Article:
DIY Seed Starting

You can start your own seeds — here's how!

| Spring 2012

  • Tomato seedlings are easy to start at home.
    Photo by Flickr/Jennifer C

Q: I’ve never started my vegetable plants from seed. Since I don’t have a greenhouse or any lights, is this something I can do outside? I like the idea of trying to raise my own plants to save money, but also to see if I can do it.

A: We’ve all been there, and there’s special satisfaction in seeing something go from seed to fruition in a season. It’s like raising kids without many of the headaches. Everyone has a different way to get started, and it can be done outside depending on what you want to grow and where you live.

Tomatoes are a great place to begin, but in most parts of the country you’ll have to have some kind of protection for outside sowing. A cold frame can be made from and old window and some cheap lumber — there are plans all over the Internet. The glass is set on a 35 degree angle facing south. Find out which planting zone you are in. If it’s 5 or higher, tomato seeds could be germinated inside, then set out in a cold frame in early spring. Temperatures can never drop below freezing in the cold frame or you’ll lose the plants.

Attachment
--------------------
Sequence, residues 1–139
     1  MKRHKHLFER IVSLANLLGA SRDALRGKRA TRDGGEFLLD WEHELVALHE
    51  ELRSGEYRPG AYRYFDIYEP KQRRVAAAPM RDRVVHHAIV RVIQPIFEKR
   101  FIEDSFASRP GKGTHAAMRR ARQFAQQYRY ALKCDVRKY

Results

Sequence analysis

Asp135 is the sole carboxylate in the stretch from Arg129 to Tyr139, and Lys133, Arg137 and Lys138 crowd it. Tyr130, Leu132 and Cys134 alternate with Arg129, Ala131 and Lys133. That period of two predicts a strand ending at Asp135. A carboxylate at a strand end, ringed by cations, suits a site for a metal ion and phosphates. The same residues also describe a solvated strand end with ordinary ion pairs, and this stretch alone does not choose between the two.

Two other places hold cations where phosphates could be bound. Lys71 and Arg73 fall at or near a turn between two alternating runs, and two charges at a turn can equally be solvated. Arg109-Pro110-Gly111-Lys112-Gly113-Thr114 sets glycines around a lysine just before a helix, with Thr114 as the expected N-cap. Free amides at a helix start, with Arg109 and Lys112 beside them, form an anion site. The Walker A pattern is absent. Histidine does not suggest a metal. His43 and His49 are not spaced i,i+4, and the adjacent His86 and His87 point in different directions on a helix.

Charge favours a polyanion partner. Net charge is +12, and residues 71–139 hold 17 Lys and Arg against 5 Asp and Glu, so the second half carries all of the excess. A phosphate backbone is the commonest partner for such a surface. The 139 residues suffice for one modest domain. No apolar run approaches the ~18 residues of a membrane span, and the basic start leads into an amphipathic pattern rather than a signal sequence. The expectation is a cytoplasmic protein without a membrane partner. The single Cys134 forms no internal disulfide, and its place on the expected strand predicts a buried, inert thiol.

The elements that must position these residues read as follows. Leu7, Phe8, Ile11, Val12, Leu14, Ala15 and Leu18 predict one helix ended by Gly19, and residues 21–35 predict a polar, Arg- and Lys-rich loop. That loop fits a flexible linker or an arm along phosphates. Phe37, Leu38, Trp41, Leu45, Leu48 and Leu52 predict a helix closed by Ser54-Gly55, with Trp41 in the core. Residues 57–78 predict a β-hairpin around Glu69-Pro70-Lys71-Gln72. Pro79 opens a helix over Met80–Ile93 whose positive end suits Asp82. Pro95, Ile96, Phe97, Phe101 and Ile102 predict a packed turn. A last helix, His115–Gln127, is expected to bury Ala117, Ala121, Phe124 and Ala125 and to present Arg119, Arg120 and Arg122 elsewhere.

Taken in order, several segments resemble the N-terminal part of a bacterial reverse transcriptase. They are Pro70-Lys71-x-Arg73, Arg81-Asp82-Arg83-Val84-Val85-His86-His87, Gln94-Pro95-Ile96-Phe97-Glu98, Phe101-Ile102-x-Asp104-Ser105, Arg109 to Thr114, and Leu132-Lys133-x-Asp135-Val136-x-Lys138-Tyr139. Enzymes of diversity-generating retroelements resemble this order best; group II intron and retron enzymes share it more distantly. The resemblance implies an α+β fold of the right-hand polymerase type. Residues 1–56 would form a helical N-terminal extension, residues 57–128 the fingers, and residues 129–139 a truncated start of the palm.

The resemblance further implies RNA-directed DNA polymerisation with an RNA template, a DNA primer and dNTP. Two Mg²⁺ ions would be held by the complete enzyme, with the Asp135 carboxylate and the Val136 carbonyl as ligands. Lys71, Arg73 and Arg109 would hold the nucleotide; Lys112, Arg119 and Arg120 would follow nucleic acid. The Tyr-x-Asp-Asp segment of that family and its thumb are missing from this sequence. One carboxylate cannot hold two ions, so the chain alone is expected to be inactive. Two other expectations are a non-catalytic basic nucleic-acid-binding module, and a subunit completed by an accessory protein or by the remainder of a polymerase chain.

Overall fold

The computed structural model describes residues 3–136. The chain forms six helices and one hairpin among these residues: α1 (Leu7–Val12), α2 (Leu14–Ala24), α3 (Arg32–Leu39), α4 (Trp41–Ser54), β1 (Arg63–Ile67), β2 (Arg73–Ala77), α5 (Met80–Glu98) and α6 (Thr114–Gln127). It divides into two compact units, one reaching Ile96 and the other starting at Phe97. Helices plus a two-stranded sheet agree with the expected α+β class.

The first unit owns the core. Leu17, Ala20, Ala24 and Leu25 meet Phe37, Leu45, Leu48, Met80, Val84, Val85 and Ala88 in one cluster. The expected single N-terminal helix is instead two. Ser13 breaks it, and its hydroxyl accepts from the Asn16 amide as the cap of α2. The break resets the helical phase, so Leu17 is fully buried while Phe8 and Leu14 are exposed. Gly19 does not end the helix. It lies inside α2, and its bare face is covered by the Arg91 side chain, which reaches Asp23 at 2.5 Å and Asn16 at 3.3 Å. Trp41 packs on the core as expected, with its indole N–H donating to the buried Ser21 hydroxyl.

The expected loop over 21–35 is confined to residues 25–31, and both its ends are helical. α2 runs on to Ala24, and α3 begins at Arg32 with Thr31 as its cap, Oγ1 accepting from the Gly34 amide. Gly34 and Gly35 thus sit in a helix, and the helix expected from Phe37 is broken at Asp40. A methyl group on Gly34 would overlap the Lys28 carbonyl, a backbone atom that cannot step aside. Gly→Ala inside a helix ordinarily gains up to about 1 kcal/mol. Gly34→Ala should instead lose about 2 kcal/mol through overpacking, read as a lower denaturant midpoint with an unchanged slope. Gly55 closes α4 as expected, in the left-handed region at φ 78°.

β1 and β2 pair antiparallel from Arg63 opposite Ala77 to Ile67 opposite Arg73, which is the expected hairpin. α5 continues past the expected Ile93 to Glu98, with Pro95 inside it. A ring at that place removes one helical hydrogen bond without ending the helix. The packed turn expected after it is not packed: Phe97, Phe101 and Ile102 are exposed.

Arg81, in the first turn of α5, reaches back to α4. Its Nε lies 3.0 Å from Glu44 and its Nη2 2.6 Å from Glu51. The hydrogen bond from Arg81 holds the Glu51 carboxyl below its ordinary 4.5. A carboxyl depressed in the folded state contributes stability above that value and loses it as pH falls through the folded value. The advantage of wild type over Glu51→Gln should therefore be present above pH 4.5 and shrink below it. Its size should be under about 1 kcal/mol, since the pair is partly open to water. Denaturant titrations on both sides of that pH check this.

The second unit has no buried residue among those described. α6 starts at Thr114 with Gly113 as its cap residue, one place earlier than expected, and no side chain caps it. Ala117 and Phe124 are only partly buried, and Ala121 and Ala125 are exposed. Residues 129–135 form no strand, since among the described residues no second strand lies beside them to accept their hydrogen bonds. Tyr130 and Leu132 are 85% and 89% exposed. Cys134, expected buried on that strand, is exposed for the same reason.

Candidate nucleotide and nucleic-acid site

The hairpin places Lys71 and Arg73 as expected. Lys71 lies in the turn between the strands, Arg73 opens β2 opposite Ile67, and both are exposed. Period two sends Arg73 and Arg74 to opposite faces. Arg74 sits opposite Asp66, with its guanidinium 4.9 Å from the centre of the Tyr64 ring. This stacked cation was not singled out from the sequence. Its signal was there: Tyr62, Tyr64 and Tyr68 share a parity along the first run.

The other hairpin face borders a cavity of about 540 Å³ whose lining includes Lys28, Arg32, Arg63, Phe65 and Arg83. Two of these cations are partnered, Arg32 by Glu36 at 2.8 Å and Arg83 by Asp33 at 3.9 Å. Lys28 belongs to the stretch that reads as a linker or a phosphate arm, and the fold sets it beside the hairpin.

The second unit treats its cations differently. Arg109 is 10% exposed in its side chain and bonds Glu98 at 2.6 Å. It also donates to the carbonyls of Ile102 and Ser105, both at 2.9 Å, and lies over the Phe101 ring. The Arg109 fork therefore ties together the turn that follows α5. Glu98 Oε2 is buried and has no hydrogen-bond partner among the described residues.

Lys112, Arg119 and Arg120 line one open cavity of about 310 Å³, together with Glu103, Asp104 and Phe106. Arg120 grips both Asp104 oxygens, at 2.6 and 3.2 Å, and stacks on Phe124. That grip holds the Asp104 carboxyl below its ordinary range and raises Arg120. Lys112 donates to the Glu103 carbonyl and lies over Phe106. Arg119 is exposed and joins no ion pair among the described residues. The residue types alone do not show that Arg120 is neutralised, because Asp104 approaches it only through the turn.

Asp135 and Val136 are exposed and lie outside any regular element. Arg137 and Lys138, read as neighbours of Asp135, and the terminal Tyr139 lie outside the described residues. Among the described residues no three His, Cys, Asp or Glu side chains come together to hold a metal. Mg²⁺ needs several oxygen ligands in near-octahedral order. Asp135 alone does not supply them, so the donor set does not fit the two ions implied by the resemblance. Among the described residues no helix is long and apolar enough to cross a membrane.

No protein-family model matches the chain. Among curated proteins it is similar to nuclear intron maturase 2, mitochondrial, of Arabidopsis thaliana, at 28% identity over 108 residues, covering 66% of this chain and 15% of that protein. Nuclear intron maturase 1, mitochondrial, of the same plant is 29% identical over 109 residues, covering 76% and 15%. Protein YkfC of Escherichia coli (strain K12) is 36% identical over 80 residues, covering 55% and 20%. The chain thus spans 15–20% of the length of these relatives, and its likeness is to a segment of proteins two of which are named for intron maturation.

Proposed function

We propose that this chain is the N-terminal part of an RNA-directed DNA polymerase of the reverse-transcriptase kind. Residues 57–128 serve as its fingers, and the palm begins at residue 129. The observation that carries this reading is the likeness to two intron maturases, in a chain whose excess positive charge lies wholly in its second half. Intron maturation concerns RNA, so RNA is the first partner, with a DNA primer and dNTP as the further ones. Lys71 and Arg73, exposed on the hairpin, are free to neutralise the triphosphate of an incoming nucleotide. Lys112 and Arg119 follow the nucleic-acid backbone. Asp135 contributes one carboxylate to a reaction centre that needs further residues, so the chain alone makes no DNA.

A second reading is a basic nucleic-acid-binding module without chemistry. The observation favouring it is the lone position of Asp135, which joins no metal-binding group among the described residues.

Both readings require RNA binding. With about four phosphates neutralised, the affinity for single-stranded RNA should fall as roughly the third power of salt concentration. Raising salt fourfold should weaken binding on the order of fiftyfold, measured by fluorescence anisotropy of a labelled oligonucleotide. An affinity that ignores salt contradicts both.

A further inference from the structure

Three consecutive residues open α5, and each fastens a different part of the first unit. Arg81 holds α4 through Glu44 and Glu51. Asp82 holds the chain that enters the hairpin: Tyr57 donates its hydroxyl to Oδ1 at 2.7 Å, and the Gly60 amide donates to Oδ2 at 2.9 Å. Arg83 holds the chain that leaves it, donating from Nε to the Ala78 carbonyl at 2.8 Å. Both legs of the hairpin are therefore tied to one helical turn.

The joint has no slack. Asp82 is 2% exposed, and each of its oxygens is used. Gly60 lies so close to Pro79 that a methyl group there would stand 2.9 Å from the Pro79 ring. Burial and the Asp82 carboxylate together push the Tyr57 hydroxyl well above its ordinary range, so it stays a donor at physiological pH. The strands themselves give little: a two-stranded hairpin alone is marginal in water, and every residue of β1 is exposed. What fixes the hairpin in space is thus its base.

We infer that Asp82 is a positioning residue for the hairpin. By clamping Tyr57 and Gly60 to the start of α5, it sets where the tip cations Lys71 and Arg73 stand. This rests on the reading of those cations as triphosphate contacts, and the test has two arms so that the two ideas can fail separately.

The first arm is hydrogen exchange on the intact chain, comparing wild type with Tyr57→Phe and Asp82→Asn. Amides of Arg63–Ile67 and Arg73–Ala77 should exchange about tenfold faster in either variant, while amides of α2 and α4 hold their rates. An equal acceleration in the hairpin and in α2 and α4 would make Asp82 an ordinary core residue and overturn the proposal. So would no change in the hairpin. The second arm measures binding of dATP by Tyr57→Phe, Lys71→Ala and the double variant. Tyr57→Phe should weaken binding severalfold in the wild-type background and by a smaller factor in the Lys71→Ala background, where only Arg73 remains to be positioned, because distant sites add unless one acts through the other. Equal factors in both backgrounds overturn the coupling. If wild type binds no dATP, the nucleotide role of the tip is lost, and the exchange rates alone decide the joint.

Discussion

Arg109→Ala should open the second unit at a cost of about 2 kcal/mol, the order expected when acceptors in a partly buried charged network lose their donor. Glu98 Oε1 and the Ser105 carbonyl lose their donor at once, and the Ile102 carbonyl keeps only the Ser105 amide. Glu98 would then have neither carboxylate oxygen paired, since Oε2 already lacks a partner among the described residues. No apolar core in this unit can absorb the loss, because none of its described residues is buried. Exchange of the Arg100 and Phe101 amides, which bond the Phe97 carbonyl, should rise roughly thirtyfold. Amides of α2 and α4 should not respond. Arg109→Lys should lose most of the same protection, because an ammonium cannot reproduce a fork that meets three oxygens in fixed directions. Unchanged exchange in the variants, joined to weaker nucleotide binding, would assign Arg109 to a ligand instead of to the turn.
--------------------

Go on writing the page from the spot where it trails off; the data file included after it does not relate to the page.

For tomatoes, a safer bet is to hang a couple of fluorescent shop lights right above a couple flats of started tomato seeds for 6 weeks inside, before setting the plants outside. The lights are cheap and can be raised as the plants get taller. You’ll find lots of uses for the light over time, before I had a greenhouse my basement was filled with lights over a 4 x 8 foot table.

But there are lots of plants that will thrive in cool weather and will happily sprout in the cold frame. A flat filled with moist seed-starting mix sprinkled with a mix of lettuce seeds will give you hundreds of plants to transplant into the garden in the spring.



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